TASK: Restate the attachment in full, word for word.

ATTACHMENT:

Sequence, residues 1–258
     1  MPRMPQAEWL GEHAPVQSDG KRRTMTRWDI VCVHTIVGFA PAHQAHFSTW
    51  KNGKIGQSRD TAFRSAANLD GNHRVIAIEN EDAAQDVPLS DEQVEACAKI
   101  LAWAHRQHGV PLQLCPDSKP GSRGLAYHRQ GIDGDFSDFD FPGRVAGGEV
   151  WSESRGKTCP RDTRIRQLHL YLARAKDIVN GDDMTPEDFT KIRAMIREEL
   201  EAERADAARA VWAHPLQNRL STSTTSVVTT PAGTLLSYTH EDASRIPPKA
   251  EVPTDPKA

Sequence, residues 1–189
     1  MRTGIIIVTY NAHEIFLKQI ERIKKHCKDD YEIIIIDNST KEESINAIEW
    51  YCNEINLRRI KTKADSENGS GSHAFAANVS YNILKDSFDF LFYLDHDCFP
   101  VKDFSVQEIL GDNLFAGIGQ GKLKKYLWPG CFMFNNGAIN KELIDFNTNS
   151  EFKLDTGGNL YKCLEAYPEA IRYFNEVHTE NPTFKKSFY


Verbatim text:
Sequence, residues 1–258
     1  MPRMPQAEWL GEHAPVQSDG KRRTMTRWDI VCVHTIVGFA PAHQAHFSTW
    51  KNGKIGQSRD TAFRSAANLD GNHRVIAIEN EDAAQDVPLS DEQVEACAKI
   101  LAWAHRQHGV PLQLCPDSKP GSRGLAYHRQ GIDGDFSDFD FPGRVAGGEV
   151  WSESRGKTCP RDTRIRQLHL YLARAKDIVN GDDMTPEDFT KIRAMIREEL
   201  EAERADAARA VWAHPLQNRL STSTTSVVTT PAGTLLSYTH EDASRIPPKA
   251  EVPTDPKA

Sequence, residues 1–189
     1  MRTGIIIVTY NAHEIFLKQI ERIKKHCKDD YEIIIIDNST KEESINAIEW
    51  YCNEINLRRI KTKADSENGS GSHAFAANVS YNILKDSFDF LFYLDHDCFP
   101  VKDFSVQEIL GDNLFAGIGQ GKLKKYLWPG CFMFNNGAIN KELIDFNTNS
   151  EFKLDTGGNL YKCLEAYPEA IRYFNEVHTE NPTFKKSFY